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A lot of free stuff in college towns, but I’d avoid the used bedding.

The single best way to find a good deal is to look for solid wood pieces.  Sometimes people are liquidating storage or are tired of a dated piece and have no intention of fixing it up. Sometimes they simply don’t know (or care) what it’s worth – they just want it gone.

People who don’t know what they have are just as apt to rip you off as give you a good deal, so make sure you aren’t paying for particleboard.  To avoid particleboard, pay close attention to the piece’s edges and look at underside or inside of ‘wood’ panels.  Examining dings or scratches can also reveal the true composition of a board.

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Scored this puppy for $35.  It’s hideous, but made of solid wood.  Just needs some love.

With the right tools, refinishing solid wood furniture can be relatively quick and painless and will save you hundreds.

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Avoid particleboard – find solid wood pieces on CL and you can create a beautiful custom bar for under $50
(well, minus the booze)

A few tips for refinishing:

  • Make sure you are sanding wood, not a veneer (!)
  • Pay attention to the grain of the wood while you are sanding – I’ve ruined hours of work with 10 seconds and an orbital sander.
  • You will want to wipe up excess stain IMMEDIATELY or it will pool in little drops, dry and create unnecessary (and sticky) sanding work for you. Pay special attention to edges and corners of wood boards.
  • Have several clean sponges/rags on hand.  Stain-soaked sponges turn rock-hard when they dry and will scratch your work in progress.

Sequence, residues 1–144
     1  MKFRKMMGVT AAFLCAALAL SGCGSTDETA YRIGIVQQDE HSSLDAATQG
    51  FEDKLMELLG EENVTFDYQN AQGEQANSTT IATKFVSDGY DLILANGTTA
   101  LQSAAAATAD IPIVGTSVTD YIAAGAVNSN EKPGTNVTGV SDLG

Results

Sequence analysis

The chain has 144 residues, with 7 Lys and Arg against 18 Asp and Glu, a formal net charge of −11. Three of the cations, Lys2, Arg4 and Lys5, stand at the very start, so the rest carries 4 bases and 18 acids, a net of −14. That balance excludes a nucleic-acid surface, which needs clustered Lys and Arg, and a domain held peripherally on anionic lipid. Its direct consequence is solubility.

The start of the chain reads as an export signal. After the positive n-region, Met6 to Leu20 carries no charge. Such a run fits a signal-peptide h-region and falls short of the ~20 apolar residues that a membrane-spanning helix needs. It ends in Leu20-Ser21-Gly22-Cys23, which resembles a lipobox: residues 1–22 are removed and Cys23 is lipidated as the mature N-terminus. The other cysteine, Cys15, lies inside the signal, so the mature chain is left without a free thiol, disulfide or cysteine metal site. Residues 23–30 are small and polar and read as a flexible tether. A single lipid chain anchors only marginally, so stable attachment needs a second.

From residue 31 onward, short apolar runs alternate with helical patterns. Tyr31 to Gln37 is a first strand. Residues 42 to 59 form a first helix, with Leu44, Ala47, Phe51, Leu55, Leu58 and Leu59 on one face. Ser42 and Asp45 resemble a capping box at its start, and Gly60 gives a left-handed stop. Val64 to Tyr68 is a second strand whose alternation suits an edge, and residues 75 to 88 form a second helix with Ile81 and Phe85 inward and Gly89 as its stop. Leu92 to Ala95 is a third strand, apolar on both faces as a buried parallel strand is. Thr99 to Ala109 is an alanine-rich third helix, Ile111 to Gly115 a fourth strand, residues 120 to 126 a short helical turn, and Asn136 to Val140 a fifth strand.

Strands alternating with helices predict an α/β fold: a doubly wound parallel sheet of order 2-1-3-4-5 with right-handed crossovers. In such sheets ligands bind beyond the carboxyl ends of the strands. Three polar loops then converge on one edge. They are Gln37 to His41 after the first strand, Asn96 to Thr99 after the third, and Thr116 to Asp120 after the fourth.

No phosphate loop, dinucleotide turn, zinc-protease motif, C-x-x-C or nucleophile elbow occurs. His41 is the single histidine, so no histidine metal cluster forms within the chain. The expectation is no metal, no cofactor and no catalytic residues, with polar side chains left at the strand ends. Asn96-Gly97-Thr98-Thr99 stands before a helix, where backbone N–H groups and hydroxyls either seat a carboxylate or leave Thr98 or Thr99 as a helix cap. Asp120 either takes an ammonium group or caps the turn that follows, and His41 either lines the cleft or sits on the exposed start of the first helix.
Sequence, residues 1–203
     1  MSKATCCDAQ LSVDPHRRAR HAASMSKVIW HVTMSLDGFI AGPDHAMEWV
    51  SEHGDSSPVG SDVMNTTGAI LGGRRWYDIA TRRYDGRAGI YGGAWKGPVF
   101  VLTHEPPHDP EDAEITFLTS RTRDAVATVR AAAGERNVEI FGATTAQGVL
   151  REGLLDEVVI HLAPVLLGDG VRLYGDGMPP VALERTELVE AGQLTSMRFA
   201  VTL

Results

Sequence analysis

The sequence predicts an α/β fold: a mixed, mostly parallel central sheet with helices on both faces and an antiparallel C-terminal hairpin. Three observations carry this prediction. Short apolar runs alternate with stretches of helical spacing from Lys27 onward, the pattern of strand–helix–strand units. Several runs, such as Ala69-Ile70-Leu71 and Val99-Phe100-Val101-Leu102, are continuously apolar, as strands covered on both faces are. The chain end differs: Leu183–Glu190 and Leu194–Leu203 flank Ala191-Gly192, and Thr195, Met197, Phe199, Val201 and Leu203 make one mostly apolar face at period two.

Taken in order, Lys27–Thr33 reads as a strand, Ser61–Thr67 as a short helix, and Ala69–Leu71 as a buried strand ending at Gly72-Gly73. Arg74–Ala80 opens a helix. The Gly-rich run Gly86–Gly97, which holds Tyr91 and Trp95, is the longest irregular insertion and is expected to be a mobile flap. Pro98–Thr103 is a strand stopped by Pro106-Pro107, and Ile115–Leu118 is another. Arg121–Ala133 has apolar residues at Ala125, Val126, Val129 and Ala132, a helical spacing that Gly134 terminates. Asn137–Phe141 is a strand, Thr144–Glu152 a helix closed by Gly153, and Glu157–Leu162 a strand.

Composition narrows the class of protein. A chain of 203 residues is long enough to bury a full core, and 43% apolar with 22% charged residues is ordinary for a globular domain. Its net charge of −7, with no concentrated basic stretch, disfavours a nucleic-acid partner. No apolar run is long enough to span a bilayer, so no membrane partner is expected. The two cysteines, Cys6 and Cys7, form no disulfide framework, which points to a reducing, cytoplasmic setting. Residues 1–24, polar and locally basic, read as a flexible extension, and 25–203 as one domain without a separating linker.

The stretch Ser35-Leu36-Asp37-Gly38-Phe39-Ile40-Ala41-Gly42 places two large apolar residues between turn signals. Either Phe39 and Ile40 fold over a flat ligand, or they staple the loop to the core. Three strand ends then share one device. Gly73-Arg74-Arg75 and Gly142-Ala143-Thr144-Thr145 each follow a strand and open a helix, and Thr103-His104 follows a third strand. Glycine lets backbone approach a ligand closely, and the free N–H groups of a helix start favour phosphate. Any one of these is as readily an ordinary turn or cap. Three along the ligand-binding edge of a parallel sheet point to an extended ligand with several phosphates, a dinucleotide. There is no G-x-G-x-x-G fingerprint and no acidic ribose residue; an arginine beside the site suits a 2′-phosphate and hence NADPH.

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Worth the effort. Took a few hours, some sandpaper, half a can of stain, two panels of glass and new hardware (knobs).

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The proper way to mount the glass would be to take apart the cabinet door frame and set the glass panel in a routed groove.  These doors did not have the grooves already cut, so I just used some 1″ wide pine strips and a bunch of rubber washers to mount the glass to the inside surface of the frame.

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Cheap Ikea trivet cut in half and mounted it to the inside of the cabinet to hang martini glasses.

Diaphonization, or clearing and staining wet specimens

Several years ago, I was inspired by some images I saw on a design blog’s e-newsletter.  Iori Tomita, a Japanese ichthyologist, had composed a work he called New World Transparent Specimens.  These illuminate a new world – one to which you may never have been privy.

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Image credit: Iori Tomita

I was completely blown away by the level of anatomical detail shown, and started looking into the process of creating these works of art.  Diaphonization, or clearing and staining, is essentially a process through which tissue is turned transparent, cartilage is stained blue, and bones are stained red.  I found that it is used to study anatomy and that there are standard protocols for performing this process in the lab, with only a few special chemicals required.  Of course, I immediately turned to my lab’s PI to get the ingredients.